final casting concept doesn’t apply for overloading

In my casting class, teacher taught us an interesting fact as follows.

class Casting {
    public static void main(String args[]){
        int i = 10;
        byte b = i;
        System.out.println(b);
    }
}

We got an error

java:5: possible loss of precision

And then we changed the code as follows

class Casting1 {
    public static void main(String args[]){
        final int i = 10;
        byte b = i;
        System.out.println(10);
    }
}

10

We got the correct output. As for the reason, he told that when we modify a variable final the variable is stored in the smallest data type possible. In this case was a byte. That’s the reason that we were able to cast that without using the cast keyword.

But when we use method overloading like this,

class A {
    void m(int i){
        System.out.println("int");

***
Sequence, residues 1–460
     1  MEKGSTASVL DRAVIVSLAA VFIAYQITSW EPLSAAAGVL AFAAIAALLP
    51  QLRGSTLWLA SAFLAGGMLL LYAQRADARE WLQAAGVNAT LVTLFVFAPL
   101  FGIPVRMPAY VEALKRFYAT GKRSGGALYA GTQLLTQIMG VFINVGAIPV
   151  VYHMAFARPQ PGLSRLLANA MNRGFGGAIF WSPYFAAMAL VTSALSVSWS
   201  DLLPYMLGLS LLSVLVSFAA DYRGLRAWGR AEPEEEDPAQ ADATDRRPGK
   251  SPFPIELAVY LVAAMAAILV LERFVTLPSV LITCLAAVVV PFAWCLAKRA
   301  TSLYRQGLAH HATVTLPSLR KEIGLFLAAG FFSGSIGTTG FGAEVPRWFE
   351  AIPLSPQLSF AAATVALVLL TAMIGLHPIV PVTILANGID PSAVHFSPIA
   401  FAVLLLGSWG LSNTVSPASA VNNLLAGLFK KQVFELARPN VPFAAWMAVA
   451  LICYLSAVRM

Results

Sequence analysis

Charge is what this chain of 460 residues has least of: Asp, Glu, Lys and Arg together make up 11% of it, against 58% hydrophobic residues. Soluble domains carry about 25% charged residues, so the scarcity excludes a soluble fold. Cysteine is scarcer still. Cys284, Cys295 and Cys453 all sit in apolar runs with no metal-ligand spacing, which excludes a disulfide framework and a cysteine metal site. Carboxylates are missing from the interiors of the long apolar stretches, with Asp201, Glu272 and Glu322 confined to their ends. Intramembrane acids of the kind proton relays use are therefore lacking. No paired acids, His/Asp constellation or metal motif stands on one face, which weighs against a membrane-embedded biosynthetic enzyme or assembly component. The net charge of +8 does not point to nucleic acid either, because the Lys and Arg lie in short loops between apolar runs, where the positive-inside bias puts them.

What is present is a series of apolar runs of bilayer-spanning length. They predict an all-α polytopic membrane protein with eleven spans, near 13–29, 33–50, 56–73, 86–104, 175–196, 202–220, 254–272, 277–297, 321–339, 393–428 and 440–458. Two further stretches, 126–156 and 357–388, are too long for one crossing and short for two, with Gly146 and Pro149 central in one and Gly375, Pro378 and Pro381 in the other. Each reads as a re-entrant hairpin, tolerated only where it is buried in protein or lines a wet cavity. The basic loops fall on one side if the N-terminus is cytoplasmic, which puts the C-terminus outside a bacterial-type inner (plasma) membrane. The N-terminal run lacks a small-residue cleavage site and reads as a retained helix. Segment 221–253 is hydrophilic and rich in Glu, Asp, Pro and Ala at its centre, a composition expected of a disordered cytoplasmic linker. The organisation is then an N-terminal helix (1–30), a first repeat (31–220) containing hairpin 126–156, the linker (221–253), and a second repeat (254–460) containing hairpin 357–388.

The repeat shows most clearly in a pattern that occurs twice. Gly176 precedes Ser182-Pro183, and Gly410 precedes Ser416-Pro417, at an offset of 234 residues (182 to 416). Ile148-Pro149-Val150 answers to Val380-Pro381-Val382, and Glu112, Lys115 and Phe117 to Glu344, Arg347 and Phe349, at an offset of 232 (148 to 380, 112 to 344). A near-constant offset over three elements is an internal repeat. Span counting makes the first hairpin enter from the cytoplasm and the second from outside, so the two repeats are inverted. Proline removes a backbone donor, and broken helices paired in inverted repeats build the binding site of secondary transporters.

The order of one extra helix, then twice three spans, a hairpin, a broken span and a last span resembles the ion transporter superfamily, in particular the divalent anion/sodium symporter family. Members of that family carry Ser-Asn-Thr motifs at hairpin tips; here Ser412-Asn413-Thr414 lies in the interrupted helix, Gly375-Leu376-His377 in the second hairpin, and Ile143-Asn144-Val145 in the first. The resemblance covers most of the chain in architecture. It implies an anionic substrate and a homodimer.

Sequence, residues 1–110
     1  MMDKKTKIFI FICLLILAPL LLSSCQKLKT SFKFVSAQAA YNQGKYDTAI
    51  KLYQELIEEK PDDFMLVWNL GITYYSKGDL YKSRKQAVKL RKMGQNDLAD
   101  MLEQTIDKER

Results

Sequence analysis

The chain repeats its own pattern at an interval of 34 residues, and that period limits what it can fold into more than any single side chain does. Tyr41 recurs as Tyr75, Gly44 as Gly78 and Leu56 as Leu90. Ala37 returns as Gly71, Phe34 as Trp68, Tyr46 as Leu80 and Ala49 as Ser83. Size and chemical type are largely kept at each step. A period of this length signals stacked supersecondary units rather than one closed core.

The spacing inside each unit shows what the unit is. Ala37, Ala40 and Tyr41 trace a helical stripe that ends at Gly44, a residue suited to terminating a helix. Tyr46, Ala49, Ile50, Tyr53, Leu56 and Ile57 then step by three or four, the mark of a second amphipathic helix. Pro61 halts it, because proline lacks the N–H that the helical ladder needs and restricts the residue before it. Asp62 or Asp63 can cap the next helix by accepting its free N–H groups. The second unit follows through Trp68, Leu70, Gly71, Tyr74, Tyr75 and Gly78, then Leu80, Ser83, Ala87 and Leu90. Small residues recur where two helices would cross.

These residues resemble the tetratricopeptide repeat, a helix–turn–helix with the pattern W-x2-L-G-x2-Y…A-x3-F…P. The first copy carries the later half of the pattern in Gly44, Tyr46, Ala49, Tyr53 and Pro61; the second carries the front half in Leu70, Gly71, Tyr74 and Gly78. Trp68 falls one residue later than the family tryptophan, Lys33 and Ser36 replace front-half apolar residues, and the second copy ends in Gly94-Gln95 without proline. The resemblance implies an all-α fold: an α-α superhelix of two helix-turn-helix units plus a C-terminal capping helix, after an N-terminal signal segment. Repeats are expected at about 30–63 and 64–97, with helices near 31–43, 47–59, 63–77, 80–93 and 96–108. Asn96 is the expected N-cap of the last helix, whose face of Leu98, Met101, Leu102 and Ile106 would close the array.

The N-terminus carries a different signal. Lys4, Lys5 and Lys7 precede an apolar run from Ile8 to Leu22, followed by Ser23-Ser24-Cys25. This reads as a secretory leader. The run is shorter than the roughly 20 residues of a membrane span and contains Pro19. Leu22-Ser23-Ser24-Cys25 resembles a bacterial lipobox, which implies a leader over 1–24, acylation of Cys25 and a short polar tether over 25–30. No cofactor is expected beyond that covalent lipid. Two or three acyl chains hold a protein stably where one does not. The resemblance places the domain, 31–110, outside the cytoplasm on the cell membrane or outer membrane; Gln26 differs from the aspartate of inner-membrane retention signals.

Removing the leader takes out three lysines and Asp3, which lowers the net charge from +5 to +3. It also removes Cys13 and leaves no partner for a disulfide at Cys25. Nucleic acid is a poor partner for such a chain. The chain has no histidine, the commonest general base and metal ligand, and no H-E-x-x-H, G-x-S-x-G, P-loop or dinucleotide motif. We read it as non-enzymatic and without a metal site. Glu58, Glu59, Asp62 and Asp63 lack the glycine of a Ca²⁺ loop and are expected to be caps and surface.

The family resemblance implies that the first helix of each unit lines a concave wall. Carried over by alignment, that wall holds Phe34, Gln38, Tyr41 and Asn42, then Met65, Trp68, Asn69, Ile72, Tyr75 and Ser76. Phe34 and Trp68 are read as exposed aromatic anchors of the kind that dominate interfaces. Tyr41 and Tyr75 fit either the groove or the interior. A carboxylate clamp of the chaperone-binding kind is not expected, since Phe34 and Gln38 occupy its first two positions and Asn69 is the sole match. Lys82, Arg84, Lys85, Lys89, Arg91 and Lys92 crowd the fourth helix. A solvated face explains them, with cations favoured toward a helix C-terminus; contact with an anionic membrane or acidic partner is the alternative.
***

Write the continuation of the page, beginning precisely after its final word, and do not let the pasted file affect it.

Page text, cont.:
}
    void m(byte b){
        System.out.println("byte");
    }
    public static void main(String args[]){
        A a1 = new A();
        final int i = 10;
        a1.m(i);
    }
}

I get the output int. If the final variables are stored in the lowest possible data type, it should be byte. So I tried the following code without overloading.

class A {
    void m(byte b){
        System.out.println("byte");
    }
    public static void main(String args[]){
        A a1 = new A();
        final int i = 10;
        a1.m(i);
    }
}

java:9: m(byte) in A cannot be applied to (int)

What’s the reason for this? Is there any point that I have misunderstood?


Source: java

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